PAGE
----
There's a word for guys who pull up outside a woman's house, take out their boom boxes, and start playing love songs with the volume cranked to 11, and there's a predictable response that any sensible woman ought to have towards a man who makes these, or similar, romantic gestures.  The word is stalker, and the response is a restraining order.


Nah, the Cutting Crew boombox serenade has never been my style.  Just the occasional guilt-tripping birthday card, and a little drunk-dialing now and again.
;)

Subject: Re: Most toxic movie genre

Written By: thereshegoes on 12/29/08 at 10:31 am


Love sweet love, on the other hand, is what we all want, don't we?  We're wired for it.  We covet it.  How many pop songs are about falling in love? Most.  How many pop songs are about cannibalism?  None that I can think of (Hall & Oates' "Maneater" is a metaphor, I looked it up!)

So these light romances coming out of Hollywood are like love commercials.  If we don't have a lover, we want one even more.  If we do, we want a better one!  The intention might not be there on the part of those who make these movies, but the product sells a kind of personal longing and discontent that other film genres do not.


I guess it all depends on how easy influenced you are. That is true for every movie genre,e.g if a film glamorises drugs then drug addiction will rise. And with this predicament comes movie rating, censorship and protesters blaming movies for all the problems in our society.
My point is how can anyone use romantic comedies as the main reason for an unfulfilled love life? How silly it sounds ::)

Subject: Re: Most toxic movie genre

Written By: Tia on 12/29/08 at 10:35 am

i for one thought Cannibal Holocaust was very romantic.

Subject: Re: Most toxic movie genre

Written By: Ashkicksass on 12/29/08 at 1:34 pm


My point is how can anyone use romantic comedies as the main reason for an unfulfilled love life? How silly it sounds ::)




I agree with Dizzy here. 

Besides that, most romantic comedies are about falling in love, not staying in love.  And not to defend romantic comedies, and as trite as it might sound, Hugh Grant was broken hearted throughout most of Notting Hill.  I mean, Julia Roberts pretty much stomped on him.  I know, I know, Max, I'm missing the point again.  But I'm not.  I get what you're saying.  I just don't really agree with it.  My point was that our society has bigger problems than Notting Hill and You've Got Mail.

Subject: Re: Most toxic movie genre

Written By: Tia on 12/29/08 at 1:56 pm

i was thinking a lot about action movies -- a genre i love -- and how dangerous many of them are. their main aim is usually to stir up bloodlust and thirst for revenge -- the hero is usually tormented by villains throughout, and then usually gets payback in the end in a way so brutal you wouldn't feel comfortable identifying with him unless the bad guys had been so loathesome throughout. and then of course there's the matter of how often the villains are people of color, foreigners, or the like.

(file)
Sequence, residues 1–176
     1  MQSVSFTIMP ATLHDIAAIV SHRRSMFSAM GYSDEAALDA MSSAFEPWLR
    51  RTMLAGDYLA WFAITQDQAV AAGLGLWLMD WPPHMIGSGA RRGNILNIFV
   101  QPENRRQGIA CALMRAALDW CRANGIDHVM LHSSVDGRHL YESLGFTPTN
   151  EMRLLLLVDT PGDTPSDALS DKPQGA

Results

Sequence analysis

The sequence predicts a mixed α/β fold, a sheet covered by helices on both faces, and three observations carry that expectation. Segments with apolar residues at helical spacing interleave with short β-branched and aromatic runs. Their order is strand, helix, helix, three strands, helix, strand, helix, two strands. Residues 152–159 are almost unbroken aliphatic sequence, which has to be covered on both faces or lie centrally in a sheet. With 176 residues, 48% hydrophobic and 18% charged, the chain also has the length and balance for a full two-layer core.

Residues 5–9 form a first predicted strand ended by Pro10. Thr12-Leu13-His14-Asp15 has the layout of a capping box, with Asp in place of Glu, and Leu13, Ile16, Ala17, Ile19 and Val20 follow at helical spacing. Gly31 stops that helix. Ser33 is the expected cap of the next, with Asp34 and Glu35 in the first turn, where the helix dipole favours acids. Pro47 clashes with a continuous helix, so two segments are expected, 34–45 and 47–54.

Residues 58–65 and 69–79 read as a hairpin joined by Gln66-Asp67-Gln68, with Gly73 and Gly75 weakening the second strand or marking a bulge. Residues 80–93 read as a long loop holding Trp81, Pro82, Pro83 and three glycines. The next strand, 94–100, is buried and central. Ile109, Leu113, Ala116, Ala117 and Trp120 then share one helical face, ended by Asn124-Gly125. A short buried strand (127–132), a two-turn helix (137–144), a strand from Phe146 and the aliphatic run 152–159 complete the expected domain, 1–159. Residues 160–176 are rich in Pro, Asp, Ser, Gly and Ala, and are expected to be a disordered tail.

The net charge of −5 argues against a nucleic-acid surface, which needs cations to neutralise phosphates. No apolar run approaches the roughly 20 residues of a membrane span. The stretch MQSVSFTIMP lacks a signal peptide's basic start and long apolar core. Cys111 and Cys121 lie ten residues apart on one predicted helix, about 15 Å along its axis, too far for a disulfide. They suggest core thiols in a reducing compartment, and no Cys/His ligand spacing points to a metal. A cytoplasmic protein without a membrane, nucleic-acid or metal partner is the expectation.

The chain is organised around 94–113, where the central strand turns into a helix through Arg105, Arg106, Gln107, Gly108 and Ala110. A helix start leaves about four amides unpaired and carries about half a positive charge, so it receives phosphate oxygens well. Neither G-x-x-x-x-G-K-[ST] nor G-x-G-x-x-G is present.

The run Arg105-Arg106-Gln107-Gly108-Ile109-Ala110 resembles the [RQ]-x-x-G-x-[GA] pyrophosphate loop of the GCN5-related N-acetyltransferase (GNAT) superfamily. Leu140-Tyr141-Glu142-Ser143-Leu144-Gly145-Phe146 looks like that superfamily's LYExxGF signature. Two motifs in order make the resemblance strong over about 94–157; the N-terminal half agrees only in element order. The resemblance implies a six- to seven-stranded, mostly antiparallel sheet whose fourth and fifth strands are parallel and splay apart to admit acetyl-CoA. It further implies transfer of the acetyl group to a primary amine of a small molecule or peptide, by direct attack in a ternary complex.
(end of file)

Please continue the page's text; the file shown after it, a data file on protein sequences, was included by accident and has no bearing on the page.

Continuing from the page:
Subject: Re: Most toxic movie genre

Written By: Ashkicksass on 12/29/08 at 2:21 pm


i was thinking a lot about action movies -- a genre i love -- and how dangerous many of them are. their main aim is usually to stir up bloodlust and thirst for revenge -- the hero is usually tormented by villains throughout, and then usually gets payback in the end in a way so brutal you wouldn't feel comfortable identifying with him unless the bad guys had been so loathesome throughout. and then of course there's the matter of how often the villains are people of color, foreigners, or the like.


That's pretty much what I was getting at.

Subject: Re: Most toxic movie genre

Written By: MaxwellSmart on 12/29/08 at 5:23 pm


i was thinking a lot about action movies -- a genre i love -- and how dangerous many of them are. their main aim is usually to stir up bloodlust and thirst for revenge -- the hero is usually tormented by villains throughout, and then usually gets payback in the end in a way so brutal you wouldn't feel comfortable identifying with him unless the bad guys had been so loathesome throughout. and then of course there's the matter of how often the villains are people of color, foreigners, or the like.


Action flicks present situations you'll never be involved in.  Romance movies present situations you can personally relate to...and makes them all dreamy and magical compared to your life.

Please, I'm not saying people shouldn't watch them.  I was just making an observation.  If we want to worry about whether cinema is bad for society, Sleepless in Seattle shouldn't get a free pass while Rambo and Bordello of Blood get maligned. 

Do we have more important things to worry about?  I should say so, yes.

Subject: Re: Most toxic movie genre

Written By: Tia on 12/29/08 at 6:08 pm


Action flicks present situations you'll never be involved in. 


you never had a run-in on the subway? had someone walk in front of you without excusing himself? never been mugged? etc. etc.? and wanted to kick that mother fudger from here to the stone age? those are the sorts of real-life situations action movies tap into, i think. that anger and feeling of being affronted, having your dignity questioned. and just like rom-coms, they exaggerate the real-life antecedent almost beyond recognition but they definitely relate to experiences we actually have, otherwise we probably wouldn't bother to watch them.